Chawnte Randall is a mother, sister, daughter and friend. She is a U.S. Army veteran, health care management professional and gym junkie.

She is also living with metastatic breast cancer.

“I look like someone’s mother or aunt, because I am someone’s mother and aunt,” says Randall, 42, a Columbia resident whose only daughter is a senior at the Rochester Institute of Technology. “I want to change the perception and face of breast cancer. Many believe it’s just old women who get the disease, but it affects everyone.”

Erin Leland is a wife, daughter, sister, friend and mother to 11-year-old twins. She is a Towson University alumna, a high school English teacher in Howard County and a world traveler.

She is also living with metastatic breast cancer.

“I’m tired, but I feel good,” says Leland, 42 who lives in Ellicott City. “One of the biggest problems with this disease is people don’t necessarily think we are sick because many of us have our hair and are still working. But this disease affects women of all ages. We are young and old. It cuts people’s lives in half.”

Randall and Leland — both of whom tested negative for the BRCA gene and all other cancer-related genes — are new friends, brought together by the fight of their lives.

“We met at a peer support group meeting and realized early on we are both very passionate people,” says Leland. “We have become fast friends and offer a support for one another.”

Chawnte Randall is shown in front of Baltimore’s City Hall, which was recently lit up in honor of those living with metastatic breast cancer. (Photo by Steve Ruark)
Chawnte Randall is shown in front of Baltimore’s City Hall, which was recently lit up in honor of those living with metastatic breast cancer. (Photo by Steve Ruark)

Together, Randall and Leland, along with thousands of other brave women, are working to make their voices heard. Through advocating on Capitol Hill to attending a recent event where Baltimore’s City Hall was lit up in honor of those living with metastatic breast cancer, these women are raising awareness for the hundreds of thousands suffering from metastatic breast cancer, the terminal stage of the disease.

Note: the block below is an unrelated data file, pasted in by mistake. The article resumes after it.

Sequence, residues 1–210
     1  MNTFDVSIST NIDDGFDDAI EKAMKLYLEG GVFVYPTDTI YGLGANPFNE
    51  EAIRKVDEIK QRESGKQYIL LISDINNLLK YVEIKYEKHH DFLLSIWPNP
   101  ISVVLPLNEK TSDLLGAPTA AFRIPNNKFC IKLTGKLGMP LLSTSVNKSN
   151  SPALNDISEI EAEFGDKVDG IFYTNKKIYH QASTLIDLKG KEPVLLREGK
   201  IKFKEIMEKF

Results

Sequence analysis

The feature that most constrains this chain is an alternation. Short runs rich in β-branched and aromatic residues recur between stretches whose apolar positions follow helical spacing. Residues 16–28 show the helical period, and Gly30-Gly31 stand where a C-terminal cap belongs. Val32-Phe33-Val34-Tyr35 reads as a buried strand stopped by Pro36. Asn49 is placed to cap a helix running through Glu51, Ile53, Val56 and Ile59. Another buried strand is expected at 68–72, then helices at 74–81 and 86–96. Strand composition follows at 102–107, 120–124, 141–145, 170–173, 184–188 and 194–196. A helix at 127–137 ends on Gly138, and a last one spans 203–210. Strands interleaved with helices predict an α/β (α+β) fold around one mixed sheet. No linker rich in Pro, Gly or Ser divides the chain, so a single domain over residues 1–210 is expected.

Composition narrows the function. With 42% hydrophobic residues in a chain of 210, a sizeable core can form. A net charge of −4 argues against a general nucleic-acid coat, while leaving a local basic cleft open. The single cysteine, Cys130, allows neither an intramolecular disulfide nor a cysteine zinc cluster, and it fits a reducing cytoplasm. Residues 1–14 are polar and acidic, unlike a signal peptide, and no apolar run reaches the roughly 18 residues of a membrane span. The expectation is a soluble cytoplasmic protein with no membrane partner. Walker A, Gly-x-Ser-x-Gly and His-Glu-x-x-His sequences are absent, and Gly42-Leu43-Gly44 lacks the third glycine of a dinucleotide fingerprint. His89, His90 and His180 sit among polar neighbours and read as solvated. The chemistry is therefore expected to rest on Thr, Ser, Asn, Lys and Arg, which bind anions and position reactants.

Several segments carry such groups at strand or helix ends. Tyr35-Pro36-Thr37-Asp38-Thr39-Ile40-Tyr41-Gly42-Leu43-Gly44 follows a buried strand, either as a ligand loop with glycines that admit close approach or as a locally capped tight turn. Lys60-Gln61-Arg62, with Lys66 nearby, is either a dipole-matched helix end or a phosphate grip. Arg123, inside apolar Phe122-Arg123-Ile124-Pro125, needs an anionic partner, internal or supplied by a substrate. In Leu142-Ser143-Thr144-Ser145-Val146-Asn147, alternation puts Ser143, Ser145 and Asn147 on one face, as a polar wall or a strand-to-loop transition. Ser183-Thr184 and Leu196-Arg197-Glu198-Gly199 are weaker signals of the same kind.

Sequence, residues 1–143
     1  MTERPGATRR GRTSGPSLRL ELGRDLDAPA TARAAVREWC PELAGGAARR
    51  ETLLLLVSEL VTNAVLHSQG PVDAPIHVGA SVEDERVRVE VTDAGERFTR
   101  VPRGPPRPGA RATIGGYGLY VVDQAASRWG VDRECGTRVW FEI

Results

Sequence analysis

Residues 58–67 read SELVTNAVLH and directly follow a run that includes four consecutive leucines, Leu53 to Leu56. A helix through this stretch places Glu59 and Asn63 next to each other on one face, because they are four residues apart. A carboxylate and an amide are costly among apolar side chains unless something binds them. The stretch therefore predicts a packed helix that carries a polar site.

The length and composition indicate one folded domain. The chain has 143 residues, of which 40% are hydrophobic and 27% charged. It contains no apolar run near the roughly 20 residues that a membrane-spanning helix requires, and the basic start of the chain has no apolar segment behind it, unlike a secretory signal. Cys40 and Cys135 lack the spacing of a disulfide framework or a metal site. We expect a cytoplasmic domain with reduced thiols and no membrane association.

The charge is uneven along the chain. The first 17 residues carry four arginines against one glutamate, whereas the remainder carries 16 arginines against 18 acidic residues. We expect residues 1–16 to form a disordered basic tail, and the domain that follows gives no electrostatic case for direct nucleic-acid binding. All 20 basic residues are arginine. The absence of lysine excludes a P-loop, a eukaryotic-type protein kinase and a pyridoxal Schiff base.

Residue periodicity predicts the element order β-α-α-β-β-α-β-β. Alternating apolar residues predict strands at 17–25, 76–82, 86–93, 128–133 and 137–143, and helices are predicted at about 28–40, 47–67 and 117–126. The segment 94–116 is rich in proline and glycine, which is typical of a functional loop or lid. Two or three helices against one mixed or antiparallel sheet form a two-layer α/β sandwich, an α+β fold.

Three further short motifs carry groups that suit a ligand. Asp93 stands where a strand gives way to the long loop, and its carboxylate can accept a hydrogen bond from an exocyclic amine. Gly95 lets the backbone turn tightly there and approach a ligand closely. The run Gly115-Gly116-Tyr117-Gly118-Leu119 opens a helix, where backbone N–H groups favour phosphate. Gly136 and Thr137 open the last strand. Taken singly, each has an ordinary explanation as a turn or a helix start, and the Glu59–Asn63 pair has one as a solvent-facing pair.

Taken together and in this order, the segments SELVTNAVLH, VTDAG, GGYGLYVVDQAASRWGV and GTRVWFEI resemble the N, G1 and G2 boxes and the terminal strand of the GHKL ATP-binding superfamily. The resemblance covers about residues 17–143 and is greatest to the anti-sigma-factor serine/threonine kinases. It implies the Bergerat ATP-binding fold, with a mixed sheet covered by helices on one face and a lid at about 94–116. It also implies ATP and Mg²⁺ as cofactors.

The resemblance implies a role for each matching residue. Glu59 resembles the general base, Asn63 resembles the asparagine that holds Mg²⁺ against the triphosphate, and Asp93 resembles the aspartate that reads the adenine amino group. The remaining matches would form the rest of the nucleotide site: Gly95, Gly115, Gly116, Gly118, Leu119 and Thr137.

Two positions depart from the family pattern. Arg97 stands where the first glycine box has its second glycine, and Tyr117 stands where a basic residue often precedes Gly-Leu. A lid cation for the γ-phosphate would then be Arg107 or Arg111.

They are speaking out for the women and men who are playing the end-game of their journey, sharing the untold stories of breast cancer.

“We are the black sheep of the breast cancer community; everyone is afraid to talk about it,” says Randall. “Sixty-one percent of the country doesn’t know about metastatic breast cancer. Early detection works and has been effective, but now we need to start looking toward those of us who are dying for a cure. If we cure metastatic breast cancer, we have cured all breast cancer.”

‘Living My Best Life’

Randall was first diagnosed with Stage II breast cancer in October of 2017 after the nurse practitioner at her gynecologist’s office found a lump in her breast. Following the discovery, Randall got a mammogram and MRI.

A biopsy revealed her triple-negative breast cancer diagnosis, meaning the cancer she had was not fueled by estrogen and progesterone hormones or by the HER2 protein. She had a double mastectomy and reconstructive surgery, and went through nine out of her 16 rounds of chemotherapy. Randall had such severe numbness in her fingers and toes that doctors opted to stop chemotherapy early. They didn’t feel cutting treatment short would change her recurrence rate.

“For 11 months, I went off into the world and was living my best life,” Randall says. “Earlier this year, I had shortness of breath and a burning sensation in my chest area. I thought it was muscular due to my implant, and the doctors thought maybe I fractured a rib. But at 6 p.m. on March 28th, I learned I had a metastatic lesion on my sternum, and that is where my metastatic journey begins.”

Randall has what’s called oligometastatic breast cancer. That means she only has one metastatic lesion at a time. Since her diagnosis, she’s had three lesions that have been killed with targeted radiation treatments.

“I get scanned every 90 days unless I feel something in between,” Randall says. “If I have a muscle ache that lasts longer than seven days, I know I need to call my doctor. I live my best life in between my scans.”

For the last two years, Randall has done a photo shoot to chronicle her journey. She plans to do one each year.

“It’s wonderful to be able to see myself through a different light,” she says. “I get messages from women all the time about how they lack self-confidence, are having difficulties with their scars and struggling to get to know their new bodies post-reconstruction. These pictures display my pride and acceptance in who I am and the changes I have made.”

Memories to Last a Lifetime

Erin Leland is fighting the same disease as Randall, but her story is different. Leland’s journey began in 2008, when her twins – a girl and boy — were just six months old. Leland found a lump, went to her doctor for a mammogram and was diagnosed with Stage 0 ductal carcinoma in situ. Stage 0 means the cancer is still inside the milk duct.

She underwent two lumpectomies to make sure the cancer was completely removed, a month of radiation and was prescribed an oral medication to take for five years — all of which are standard protocol for her type of cancer.